The PageDfrg help file contains:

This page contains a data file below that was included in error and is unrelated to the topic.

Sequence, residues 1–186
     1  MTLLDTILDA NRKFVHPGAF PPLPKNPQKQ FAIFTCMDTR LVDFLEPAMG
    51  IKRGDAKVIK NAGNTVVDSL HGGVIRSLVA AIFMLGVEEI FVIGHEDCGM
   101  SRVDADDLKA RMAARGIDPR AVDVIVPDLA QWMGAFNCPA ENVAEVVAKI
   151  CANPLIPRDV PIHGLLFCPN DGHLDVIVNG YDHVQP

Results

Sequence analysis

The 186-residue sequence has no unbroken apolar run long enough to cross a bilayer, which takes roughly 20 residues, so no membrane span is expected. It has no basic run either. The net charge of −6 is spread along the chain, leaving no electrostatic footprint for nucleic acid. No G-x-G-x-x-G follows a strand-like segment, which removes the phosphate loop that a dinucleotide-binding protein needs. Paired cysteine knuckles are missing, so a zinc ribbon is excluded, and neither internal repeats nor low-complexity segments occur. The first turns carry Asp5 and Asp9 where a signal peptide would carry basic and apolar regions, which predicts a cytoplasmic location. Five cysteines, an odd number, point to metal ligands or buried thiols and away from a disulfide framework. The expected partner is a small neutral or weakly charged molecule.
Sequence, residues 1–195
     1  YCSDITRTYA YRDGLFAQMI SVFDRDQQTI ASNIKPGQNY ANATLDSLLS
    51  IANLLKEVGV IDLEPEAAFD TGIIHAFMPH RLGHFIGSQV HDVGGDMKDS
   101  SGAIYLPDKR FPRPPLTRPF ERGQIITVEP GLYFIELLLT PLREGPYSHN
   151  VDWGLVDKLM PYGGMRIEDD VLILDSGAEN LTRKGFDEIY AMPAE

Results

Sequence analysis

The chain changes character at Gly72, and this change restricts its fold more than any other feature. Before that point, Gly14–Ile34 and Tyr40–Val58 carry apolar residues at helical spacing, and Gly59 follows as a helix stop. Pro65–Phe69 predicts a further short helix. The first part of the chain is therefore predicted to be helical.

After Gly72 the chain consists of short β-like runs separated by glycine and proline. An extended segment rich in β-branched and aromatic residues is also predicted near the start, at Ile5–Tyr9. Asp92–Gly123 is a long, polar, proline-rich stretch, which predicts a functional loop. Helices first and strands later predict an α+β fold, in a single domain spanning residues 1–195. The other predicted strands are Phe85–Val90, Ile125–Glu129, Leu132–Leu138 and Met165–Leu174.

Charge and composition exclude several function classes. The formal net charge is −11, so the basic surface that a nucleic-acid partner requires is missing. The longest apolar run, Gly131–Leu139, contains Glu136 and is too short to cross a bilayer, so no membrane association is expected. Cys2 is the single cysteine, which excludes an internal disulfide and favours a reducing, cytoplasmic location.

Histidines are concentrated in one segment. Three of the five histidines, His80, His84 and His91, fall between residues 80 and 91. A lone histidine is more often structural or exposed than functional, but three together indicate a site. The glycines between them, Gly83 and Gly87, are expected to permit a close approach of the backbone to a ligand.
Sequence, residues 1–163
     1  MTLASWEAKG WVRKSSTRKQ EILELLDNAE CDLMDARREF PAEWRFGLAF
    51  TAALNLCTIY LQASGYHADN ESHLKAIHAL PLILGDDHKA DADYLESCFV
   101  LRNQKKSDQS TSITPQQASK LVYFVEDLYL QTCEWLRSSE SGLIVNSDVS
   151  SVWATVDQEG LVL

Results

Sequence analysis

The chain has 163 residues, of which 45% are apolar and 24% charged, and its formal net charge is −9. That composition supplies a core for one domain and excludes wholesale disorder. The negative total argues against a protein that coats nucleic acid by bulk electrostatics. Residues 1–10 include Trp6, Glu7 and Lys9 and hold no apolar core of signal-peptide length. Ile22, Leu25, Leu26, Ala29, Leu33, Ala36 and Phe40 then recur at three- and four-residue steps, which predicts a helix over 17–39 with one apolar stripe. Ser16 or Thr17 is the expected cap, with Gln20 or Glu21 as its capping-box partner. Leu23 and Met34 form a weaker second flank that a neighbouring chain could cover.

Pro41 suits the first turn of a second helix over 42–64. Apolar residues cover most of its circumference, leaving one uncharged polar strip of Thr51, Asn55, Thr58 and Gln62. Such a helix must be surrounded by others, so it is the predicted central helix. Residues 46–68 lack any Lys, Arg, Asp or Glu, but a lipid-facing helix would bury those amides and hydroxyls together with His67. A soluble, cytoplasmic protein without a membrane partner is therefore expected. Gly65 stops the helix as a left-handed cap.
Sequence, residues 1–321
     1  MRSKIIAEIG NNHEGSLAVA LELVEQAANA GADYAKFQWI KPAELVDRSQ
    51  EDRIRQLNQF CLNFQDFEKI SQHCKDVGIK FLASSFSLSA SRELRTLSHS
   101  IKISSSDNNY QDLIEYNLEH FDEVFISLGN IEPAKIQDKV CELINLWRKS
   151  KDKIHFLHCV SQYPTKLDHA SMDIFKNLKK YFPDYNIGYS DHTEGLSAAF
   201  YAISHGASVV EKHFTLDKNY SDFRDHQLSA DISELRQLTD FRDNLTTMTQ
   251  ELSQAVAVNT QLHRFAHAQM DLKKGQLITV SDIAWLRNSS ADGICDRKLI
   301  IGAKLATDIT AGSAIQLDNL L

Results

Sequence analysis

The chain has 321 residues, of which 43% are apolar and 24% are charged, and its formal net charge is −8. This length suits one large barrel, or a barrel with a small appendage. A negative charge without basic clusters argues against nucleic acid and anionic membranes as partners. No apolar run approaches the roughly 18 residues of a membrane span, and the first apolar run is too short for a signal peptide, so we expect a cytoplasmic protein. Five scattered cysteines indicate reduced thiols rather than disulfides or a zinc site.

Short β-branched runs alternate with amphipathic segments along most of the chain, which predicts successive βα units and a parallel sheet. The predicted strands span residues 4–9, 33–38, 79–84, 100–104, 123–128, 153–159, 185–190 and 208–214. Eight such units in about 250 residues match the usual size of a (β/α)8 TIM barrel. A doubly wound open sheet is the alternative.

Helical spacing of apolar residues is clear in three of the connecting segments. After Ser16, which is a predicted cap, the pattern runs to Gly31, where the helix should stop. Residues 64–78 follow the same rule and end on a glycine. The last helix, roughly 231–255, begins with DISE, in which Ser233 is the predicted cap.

PageDefrag                               Copyright © 1998-2000 Mark Russinovich                               SysInternals                               Introduction                               One of the limitations of the Windows NT defragmentation interface is that it is not possible to defragment                               files that are open for exclusive access. Thus, standard defragmentation programs can neither show you                               how fragmented your paging files or Registry hives are, nor defragment them. Paging and Registry file                               fragmentation can be one of the leading causes of performance degradation related to file fragmentation                               in a system.                               PageDefrag uses advanced techniques to provide you what commercial defragmenters cannot: the ability                               for you to see how fragmented your paging files and Registry hives are, and to defragment them.                               Using PageDefrag                               When you run PageDefrag (pagedfrg.exe) you will be presented a listbox that tells you how many clusters                               make up your paging files and Registry hives (SAM, SYSTEM, SECURITY, SOFTWARE, .DEFAULT), as                               well as how many fragments those files are in. If you feel that these files are fragmented enough to                               warrant a shot at defragmenting them, or if you want to defragment them at every boot, select the                               appropriate radio button choice and click OK.                               When you direct PageDefrag to defragment, the next time the system boots it will attempt to do so.                               Immediately after CHKDSK examines your hard drives PageDefrag uses the standard file                               defragmentation APIs (see for documentation of these APIs) to                               defragment the files. As it processes each file PageDefrag will print on the boot-time Blue Screen the file                               name and its success at defragmenting it. If it is successful at reducing the fragmentation it will tell you                               the number of clusters the file started with and the number it consists of after the defragmentation.                               In some cases PageDefrag may be unable to reduce fragmentation on one or more of the files, and it will                               indicate so on the boot-time Blue Screen. This can happen either because there is not enough space on                               the drive for defragmentation, or the free space itself is highly fragmented. For the best results you should                               use PageDefrag in conjunction with a commercial defragmentation utility or the free Contig defragmenter                              at